One nice thing about bathing a car in the shrink ray is the way the weight shrinks as well, so the iQ is not only pocket size, it also tips the scales at just 2,127 pounds. This means the IQ's 1.3-liter inline-4 is certainly up to the task of pulling this front-wheel-drive car around, since it commands 94 horsepower at 6,000 rpm and 89 pound-feet of torque at 4,400 rpm, plus variable valve timing expands the power band.
But if you're hoping that the 2012 Scion iQ will feel anything other than self-propelled, you're headed for disappointment. A continuously variable transmission (CVT) processes the power for the front wheels, and you can see that this is theoretically a fine idea, since it minimizes weight (so we're told), maximizes fuel economy (an excellent EPA-rated 36 city/37 highway/37 combined mpg), and enhances that whole set-it-and-forget-it usability thing.
Unfortunately the iQ's performance is sleep-inducing, not so much because Scion anticipates acceleration to 60 mph in 11.8 seconds but instead because the powertrain responds with such an insipid sound when you lay into the throttle. It's pretty much the same sound you get when you walk into the bathroom and flick on the ventilator fan.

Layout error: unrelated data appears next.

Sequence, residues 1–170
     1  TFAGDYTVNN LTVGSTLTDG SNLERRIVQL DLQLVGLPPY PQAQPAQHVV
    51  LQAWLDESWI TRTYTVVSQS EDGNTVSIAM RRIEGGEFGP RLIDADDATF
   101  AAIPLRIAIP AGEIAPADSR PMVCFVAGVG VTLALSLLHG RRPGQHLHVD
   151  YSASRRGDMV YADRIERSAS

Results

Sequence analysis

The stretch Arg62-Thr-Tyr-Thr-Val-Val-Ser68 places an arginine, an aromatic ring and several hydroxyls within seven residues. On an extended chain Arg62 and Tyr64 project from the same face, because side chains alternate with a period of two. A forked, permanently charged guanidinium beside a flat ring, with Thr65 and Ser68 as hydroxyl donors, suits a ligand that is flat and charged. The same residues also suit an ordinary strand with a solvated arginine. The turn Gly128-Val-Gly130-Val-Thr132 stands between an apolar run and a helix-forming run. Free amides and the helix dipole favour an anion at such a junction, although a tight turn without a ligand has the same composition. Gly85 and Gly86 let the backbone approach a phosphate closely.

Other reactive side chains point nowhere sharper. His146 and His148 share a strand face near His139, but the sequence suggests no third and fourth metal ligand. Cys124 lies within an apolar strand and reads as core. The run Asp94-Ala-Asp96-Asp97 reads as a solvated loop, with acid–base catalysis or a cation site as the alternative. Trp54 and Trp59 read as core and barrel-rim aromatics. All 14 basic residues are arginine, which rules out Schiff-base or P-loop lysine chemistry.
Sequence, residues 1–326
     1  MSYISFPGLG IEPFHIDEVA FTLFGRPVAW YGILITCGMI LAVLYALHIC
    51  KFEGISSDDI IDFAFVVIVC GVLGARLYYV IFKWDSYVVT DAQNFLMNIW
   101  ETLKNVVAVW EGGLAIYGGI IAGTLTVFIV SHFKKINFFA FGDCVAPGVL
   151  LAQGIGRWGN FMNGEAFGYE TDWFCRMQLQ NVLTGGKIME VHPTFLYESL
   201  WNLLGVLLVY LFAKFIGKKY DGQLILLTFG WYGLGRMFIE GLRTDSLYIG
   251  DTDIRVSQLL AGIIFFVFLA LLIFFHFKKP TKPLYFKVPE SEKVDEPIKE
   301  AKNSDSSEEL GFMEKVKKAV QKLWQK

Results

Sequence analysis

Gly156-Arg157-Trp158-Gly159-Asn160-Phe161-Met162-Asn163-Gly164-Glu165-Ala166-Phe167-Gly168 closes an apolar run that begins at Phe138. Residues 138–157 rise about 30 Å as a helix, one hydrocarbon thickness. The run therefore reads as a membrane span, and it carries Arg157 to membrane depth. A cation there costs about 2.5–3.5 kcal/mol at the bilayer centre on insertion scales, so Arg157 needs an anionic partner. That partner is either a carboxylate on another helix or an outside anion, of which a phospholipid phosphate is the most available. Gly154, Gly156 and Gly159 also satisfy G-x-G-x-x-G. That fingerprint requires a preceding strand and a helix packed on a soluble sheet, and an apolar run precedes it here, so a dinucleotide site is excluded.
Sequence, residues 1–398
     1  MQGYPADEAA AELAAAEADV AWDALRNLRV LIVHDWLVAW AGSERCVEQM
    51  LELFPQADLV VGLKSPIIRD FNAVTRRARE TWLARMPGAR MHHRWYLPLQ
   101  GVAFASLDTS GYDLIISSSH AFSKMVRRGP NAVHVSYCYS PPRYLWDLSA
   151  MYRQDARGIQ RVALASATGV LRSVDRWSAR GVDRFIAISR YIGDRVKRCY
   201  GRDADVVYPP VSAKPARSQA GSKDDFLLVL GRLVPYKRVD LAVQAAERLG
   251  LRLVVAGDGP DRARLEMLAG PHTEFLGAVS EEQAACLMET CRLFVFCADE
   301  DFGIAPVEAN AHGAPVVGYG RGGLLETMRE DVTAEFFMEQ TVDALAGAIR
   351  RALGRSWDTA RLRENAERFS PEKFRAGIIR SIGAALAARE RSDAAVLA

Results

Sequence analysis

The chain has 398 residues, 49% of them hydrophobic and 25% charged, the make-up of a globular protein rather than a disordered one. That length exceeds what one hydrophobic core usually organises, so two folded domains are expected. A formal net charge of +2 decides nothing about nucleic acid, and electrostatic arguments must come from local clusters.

The Scion iQ does get down the road effectively, pacing traffic easily enough at 80 mph with good straight-line stability, though of course its slab-sided bodywork and boxy dimensions make it moderately sensitive to crosswinds. We had some fun on the slopes of Mt. Tamalpais on the other side of the Golden Gate Bridge as we found our way to Muir Woods, and we can report that the iQ is narrow enough to share such winding roads with the big cars on the other side of the double-yellow line as well as the bicyclists on this side.